For this afternoons painting I walked back up the street some more to a side canal and set up there, once again making the best use of a tree for shade.  Unfortunately the glare off the water made it harder after a while.  I finally walked back to the apartment at six in the evening.  Shortly afterwards the rest of the group came back and we decided for a cold beer at the corner pub.  It was well worth it, especially when it’s up around 9%.  Yup, just one beer and you feel much better.


Forgive the photo quality.  I got back late and shot a quick picture of it on the flood with glare and all.  Its late now and we are hungry.  I'm making dinner as I blog. 


Richard Boyer

Saturday, July 17, 2010

Saturday





Well we had rain again today, what a surprise!

Rick and I walked back out to the Amstel River to paint, set up and then the rain started to pour down.  I pulled out the umbrella and huddled in close next to the easel in a futile effort to keep the painting and myself dry.  I looked more like a wet dog that was left out all night than anything else.  This wind and rain went on for close to 45 minutes and then the sun came out.

I give up on trying to copy the light faithfully, if I wait a few minutes it will be different anyways.  This painting of the bridge I left as it first was with the dark clouds overhead.  That was the rainstorm we had to wait out. 

As I worked on finishing it up, the dark clouds returned to sprinkle us once more. 

I walked up to where Rick was and pulled out my mangled sandwich from the backpack.  The afternoon painting turned out to be more agreeable with the weather.  It was windy, but at least everything stayed dry.


 

Richard Boyer 

Friday, July 16, 2010




The weather here is driving us nuts.  Yesterday the Internet called for sunny skies today and this morning it was in fact sunny.  I even put on shorts and a tee shirt, expecting the rays to warm me as I painted away.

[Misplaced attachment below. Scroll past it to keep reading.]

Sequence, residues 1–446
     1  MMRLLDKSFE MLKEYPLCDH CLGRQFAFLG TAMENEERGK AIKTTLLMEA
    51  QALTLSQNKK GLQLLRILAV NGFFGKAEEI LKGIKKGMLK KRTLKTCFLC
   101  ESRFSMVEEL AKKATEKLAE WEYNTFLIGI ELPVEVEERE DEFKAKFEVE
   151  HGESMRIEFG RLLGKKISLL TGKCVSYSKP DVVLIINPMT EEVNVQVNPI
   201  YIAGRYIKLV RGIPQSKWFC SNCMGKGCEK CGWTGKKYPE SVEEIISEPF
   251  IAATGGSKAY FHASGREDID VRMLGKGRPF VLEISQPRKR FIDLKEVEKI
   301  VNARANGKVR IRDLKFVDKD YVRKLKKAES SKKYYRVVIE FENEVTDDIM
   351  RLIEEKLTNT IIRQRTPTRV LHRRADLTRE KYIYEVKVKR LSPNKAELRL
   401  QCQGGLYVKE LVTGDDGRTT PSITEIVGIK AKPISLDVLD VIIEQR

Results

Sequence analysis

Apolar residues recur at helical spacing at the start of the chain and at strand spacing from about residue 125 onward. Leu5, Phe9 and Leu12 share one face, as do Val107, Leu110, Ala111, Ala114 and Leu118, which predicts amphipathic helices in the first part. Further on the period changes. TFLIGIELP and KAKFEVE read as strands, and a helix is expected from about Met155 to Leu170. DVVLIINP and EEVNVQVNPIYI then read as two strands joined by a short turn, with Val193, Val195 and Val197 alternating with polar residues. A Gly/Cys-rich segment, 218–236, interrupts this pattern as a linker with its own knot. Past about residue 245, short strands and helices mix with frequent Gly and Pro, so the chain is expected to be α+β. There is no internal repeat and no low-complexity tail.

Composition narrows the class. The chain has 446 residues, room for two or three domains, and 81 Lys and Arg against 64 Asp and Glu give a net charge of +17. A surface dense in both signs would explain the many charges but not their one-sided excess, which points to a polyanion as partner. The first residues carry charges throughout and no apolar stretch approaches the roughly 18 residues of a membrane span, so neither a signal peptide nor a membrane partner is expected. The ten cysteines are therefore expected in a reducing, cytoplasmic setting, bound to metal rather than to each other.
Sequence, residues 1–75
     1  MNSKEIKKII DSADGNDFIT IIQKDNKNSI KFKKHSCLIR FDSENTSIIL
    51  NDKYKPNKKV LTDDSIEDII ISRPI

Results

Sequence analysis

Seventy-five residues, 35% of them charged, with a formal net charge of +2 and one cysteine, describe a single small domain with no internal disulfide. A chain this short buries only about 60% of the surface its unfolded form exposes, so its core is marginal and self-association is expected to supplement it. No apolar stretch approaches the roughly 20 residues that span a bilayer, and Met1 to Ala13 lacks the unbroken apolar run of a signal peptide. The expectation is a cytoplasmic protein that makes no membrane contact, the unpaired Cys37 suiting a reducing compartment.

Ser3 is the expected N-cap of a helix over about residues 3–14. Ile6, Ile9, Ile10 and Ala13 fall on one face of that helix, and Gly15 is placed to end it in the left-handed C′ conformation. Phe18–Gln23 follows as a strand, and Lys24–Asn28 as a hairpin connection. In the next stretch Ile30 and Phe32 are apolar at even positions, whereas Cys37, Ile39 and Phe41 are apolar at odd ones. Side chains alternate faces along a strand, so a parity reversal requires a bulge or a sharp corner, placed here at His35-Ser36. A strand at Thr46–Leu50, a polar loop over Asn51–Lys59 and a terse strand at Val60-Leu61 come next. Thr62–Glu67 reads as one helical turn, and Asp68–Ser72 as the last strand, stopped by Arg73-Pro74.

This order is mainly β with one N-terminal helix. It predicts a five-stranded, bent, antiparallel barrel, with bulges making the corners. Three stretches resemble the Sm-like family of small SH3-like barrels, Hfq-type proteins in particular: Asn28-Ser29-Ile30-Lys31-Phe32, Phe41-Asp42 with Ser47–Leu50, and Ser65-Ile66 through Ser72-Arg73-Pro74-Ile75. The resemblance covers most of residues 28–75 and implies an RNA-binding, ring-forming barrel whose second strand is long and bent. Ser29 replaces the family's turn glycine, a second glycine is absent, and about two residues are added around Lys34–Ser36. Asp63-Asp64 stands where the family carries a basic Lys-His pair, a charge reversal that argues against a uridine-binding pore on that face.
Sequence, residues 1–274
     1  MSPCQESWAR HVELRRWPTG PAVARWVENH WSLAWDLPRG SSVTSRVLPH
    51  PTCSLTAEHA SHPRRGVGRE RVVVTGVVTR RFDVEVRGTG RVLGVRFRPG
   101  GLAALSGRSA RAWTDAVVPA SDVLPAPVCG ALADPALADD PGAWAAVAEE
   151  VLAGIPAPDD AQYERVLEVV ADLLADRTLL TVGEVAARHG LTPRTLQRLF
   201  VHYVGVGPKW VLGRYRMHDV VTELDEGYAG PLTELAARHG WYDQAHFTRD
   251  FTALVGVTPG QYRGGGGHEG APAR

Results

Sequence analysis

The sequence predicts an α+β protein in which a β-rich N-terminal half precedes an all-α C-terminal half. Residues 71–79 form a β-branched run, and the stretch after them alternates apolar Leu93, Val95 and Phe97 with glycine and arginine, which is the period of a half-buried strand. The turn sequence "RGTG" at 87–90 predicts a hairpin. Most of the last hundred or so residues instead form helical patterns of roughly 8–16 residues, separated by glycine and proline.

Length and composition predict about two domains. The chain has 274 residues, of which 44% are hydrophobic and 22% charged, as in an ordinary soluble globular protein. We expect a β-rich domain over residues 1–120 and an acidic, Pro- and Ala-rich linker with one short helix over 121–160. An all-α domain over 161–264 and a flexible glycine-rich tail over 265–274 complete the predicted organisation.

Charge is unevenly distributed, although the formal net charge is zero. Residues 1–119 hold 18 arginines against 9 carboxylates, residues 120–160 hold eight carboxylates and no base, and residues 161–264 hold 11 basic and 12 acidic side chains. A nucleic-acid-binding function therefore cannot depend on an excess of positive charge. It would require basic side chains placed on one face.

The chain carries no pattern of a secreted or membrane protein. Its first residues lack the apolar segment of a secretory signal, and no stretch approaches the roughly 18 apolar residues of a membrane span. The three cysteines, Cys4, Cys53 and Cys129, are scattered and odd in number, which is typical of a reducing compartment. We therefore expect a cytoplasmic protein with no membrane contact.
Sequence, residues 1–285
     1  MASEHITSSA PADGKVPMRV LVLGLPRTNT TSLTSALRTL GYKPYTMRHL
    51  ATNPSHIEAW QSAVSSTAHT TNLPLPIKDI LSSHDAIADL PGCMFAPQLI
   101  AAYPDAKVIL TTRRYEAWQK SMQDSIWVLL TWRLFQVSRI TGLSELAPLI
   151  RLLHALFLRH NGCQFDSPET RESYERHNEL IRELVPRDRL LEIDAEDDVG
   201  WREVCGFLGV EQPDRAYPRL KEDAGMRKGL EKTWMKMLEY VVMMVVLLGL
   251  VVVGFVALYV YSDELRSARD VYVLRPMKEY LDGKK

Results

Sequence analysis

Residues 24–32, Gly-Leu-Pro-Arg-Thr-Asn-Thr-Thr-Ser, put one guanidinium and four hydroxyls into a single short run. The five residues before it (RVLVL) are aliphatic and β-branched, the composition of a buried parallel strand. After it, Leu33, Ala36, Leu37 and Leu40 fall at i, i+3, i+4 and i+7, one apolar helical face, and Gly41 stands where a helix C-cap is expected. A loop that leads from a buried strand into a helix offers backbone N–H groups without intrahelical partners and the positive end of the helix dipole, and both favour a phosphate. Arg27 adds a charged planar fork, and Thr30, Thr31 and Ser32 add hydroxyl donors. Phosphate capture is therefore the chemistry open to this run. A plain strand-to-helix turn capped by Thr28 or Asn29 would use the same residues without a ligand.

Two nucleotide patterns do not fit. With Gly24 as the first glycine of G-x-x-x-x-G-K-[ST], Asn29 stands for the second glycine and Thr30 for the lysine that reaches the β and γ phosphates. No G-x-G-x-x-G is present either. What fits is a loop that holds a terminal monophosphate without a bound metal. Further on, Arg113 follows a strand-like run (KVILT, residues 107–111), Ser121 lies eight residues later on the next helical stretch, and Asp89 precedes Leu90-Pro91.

As soon as we got out the door, the clouds rolled in and we were looking at flat grey skies with a chance of drizzle.  We lucked out with no rain, but had to deal with dropping temperatures.  Halfway through the painting session I was freezing and shacking, welcome to summers in northern Europe.  Now I know why I like Provence better, at least there the weather is more dependable.  Sixty something degrees with a stiff wind out of the west is no fun. 

 

You will notice the painting starts out in some sunlight; I decided to keep it in that nature, as opposed to the gloom and doom of overcast skies.  Michael Lynch, who is a very good plein aire artist can get away with it, I can not!  The sun was actually coming out every once in a while in the beginning. 

Well after I finished it as best I could in low light, I decided to run back and get some warmer cloths.  Rick, who brought along a heavy coat, wanted me to bring that back as well.  And as Murphy has it, as soon as I walked out the door with my winter gear, the sun came out.  I was sweating as I walked back to the Amstel River, where we set up.  The “law” set in once again as I put up my easel for my afternoon session, heavy dark clouds came back in to welcome me as I started to block in the scene across the bridge from where I painted in the morning. 


I started out with an overcast kind of look, but soon the sun peaked out for a bit and I saw the colors.  I decided to try for that feel and waited for the occasional light to poke through as I recorded it down in the painting. 

Tomorrow who knows how the weather will be?


Richard Boyer

Thursday, July 15, 2010

Thursday





Last night we ate Indonesian, a lot of it.  We walked through the rain around the corner to a small restaurant and pilled inside at a small table.  The sky was opening up similar to standing underneath a waterfall and the idea of being inside at a cozy table made it more appealing.  Especially when they just seemed to be bringing out plate full after plate full.  In the end there was no way we could finish it all. We stumbled out and walk it off, a lengthy walk that took us down to the Red Light District.  Amsterdam is famous for it and must do a good business since there were hundreds sitting in every window and yes the entire place is illuminated in red lights!


With all the cute girls giving the guy’s that special wink and seductive glance to pull them in behind closed doors, we felt like the center of attention.  As Mike put it, “she must really like me, she gave me that special look!”  That’s the look that will last for fifteen minutes and cost you fifty Euros for a quickie.  I keep suggesting they could splurge for my birthday present right there if they wanted to?  That’s when I got a different kind of look from the group.  We slowly walked along both sides of the canal where they were out in full force and decided at midnight it was enough. We headed back up to Princengracht, where our humble abode is.